Did the Apostle Paul Poke Nero in the Eye?

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Some Christians believe and teach that we should always honor and respect those in authority, regardless of the evil that they commit.  This persuasion is often based on some text found in one of Saint Paul's (aka the Apostle Paul) letters, Romans 13.  However, as we examine one of the last acts of Saint Paul's life, we find a very different story.  Let's consider the case of Paul and Nero.

Just about everyone has heard of Nero, the infamous Roman Caesar who supposedly played the fiddle while Rome burned.  After he was widely suspected of setting fire to Rome himself, Nero cowardly deflected the blame and punishment onto Christians.  The Roman historian Tacitus described the situation as follows:

"To get rid of the report, Nero fastened the guilt and inflicted the most exquisite tortures on a class hated for their abominations, called Christians by the populace. Christus, from whom the name had its origin, suffered the extreme penalty during the reign of Tiberius at the hands of one of our procurators, Pontius Pilatus, and a most mischievous superstition, thus checked for the moment, again broke out not only in Judaea, the first source of the evil, but even in Rome, where all things hideous and shameful from every part of the world find their centre and become popular.

"Accordingly, an arrest was first made of all who pleaded guilty; then, upon their information, an immense multitude was convicted, not so much of the crime of firing the city, as of hatred against mankind [a hate crime?]. Mockery of every sort was added to their deaths. Covered with the skins of beasts, they were torn by dogs and perished, or were nailed to torture-stakes, or were doomed to the flames and burnt, to serve as a nightly illumination, when daylight had expired. Nero offered his gardens for the spectacle, and was exhibiting a show in the circus, while he mingled with the people in the dress of a charioteer or stood aloft on a car."

The preceding gives us a hint regarding two of the emperor’s compulsions; he loved chariot racing, and he hated Christians. His participation in chariot racing was initially limited to silly board games which he designed, but eventually that did not prove enough to satisfy Nero.  He soon began practicing chariot driving in his garden, in front of a forced audience, his slaves. Even that, however, did not prove enough — Nero wanted nothing less than to win the chariot races at the Greek Olympiad. Another Roman historian, Seutonius, describes how that he worked that plan in his favor:

"Nero's best idea, however, was to postpone the 211th Olympiad from 65 to 67 AD to allow him more time to practice and train his teams of horses so that he himself might win at Olympia…."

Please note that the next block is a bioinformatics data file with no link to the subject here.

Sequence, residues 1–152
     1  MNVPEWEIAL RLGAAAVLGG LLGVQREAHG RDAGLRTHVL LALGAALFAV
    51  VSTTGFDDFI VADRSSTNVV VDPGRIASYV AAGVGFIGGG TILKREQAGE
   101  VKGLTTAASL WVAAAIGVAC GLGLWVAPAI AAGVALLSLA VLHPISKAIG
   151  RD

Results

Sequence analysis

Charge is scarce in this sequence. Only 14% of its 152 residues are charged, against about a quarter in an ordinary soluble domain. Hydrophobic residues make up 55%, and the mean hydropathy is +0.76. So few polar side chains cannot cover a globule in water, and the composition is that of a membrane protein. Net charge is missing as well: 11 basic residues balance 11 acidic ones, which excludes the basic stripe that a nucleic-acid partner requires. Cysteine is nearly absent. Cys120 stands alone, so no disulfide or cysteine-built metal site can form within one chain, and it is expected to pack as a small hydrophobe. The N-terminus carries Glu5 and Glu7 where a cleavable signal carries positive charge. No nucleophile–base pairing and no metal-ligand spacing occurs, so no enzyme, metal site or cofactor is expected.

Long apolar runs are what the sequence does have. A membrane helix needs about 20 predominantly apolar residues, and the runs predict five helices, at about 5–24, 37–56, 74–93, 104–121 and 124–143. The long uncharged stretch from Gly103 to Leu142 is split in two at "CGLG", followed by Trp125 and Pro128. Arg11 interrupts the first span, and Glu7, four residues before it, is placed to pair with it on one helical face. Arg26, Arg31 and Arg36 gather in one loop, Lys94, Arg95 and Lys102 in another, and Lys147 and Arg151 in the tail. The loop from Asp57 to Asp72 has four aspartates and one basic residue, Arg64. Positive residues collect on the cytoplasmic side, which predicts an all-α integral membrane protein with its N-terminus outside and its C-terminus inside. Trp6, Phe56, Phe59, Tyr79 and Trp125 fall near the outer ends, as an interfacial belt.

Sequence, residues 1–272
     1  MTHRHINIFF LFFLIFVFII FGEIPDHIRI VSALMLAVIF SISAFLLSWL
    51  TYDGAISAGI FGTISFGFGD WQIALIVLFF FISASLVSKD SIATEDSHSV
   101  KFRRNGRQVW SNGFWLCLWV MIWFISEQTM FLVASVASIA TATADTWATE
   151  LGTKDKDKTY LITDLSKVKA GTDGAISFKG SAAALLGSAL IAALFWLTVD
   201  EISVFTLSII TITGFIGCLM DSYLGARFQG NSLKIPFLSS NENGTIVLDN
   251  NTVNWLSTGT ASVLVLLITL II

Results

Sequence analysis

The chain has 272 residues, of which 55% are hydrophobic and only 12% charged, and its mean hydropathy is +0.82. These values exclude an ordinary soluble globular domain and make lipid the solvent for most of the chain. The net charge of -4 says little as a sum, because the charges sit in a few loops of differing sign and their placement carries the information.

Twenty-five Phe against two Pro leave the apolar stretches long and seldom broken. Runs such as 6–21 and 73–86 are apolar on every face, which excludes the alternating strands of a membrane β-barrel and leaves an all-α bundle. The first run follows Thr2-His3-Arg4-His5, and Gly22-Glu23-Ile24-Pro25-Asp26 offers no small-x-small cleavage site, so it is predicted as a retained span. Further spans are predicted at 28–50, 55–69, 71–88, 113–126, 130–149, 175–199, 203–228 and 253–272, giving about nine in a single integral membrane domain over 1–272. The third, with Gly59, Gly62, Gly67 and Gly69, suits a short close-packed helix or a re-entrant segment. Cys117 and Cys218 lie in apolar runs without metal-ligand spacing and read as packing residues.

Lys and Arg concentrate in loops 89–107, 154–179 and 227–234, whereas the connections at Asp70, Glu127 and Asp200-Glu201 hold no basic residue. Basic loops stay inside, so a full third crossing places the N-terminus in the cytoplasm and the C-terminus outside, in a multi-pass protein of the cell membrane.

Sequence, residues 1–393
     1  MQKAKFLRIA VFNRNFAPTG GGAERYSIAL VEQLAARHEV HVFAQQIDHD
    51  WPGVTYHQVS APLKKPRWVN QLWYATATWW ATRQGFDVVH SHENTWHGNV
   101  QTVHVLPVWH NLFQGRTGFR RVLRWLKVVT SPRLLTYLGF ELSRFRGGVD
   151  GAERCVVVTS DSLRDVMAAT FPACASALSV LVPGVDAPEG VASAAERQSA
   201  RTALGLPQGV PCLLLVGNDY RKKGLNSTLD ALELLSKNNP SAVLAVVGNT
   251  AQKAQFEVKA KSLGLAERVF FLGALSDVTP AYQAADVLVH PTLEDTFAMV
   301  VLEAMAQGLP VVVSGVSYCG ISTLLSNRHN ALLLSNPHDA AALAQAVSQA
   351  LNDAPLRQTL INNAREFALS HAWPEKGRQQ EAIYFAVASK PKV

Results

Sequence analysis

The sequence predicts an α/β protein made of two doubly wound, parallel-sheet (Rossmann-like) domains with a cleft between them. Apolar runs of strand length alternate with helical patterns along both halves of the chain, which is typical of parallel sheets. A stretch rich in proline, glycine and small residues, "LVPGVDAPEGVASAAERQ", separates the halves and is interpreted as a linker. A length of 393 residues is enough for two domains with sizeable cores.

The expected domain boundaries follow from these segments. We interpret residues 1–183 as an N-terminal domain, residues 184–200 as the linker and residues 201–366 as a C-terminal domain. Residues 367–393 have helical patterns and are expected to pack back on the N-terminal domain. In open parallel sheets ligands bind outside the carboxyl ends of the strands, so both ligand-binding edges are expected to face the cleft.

So Nero went to Greece, where he entered his ten-horse chariot in the tethrippon event in the Olympiad, which was a dream come true for Nero. There was the minor problem that the teams were supposed to consist of four horses rather than ten, but Nero overcame that issue, most likely through bribery.  During the race Nero was thrown off of his chariot, was helped back on by spectators, and was subsequently thrown again.  Unable to continue the race after the second fall, Nero nevertheless was proclaimed the victor!  The duly bribed judges decided that Nero deserved to be declared the victor, because he certainly would have won if he would have finished the race!

Nero returned to Rome a self-proclaimed hero:

"Returning from Greece … he rode in the chariot which Augustus had used in his triumphs in days gone by, and wore a purple robe and a Greek cloak adorned with stars of gold, bearing on his head the Olympic crown and in his right hand the Pythian, while the rest were carried before him with inscriptions telling where he had won them and against what competitors…. His car was followed by his claque as by the escort of a triumphal procession, who shouted that they were the attendants of Augustus and the soldiers of his triumph. Then through the arch of the Circus Maximus, which was thrown down, he made his way across the Velabrum and the Forum to the Palatine and the temple of Apollo.  All along the route victims were slain, the streets were sprinkled from time to time with perfume, while birds, ribbons, and sweetmeats were showered upon him."

Nero's glory was not long-lived; a few months later (in AD 68) he had to resort to suicide in order to not suffer at the hands of Galba, who overthrew him. The Greeks quickly eliminated Nero's dubious "Olympic victories."

"Soon after his death in 68 AD, Nero's name was scratched from the lists of the Elean officials, and the counterfeit 211th Olympiad was declared as u2018Anolympiad' [non-Olympiad] by the ten Hellanodikai judges."

Meanwhile, much the same was occurring in Rome.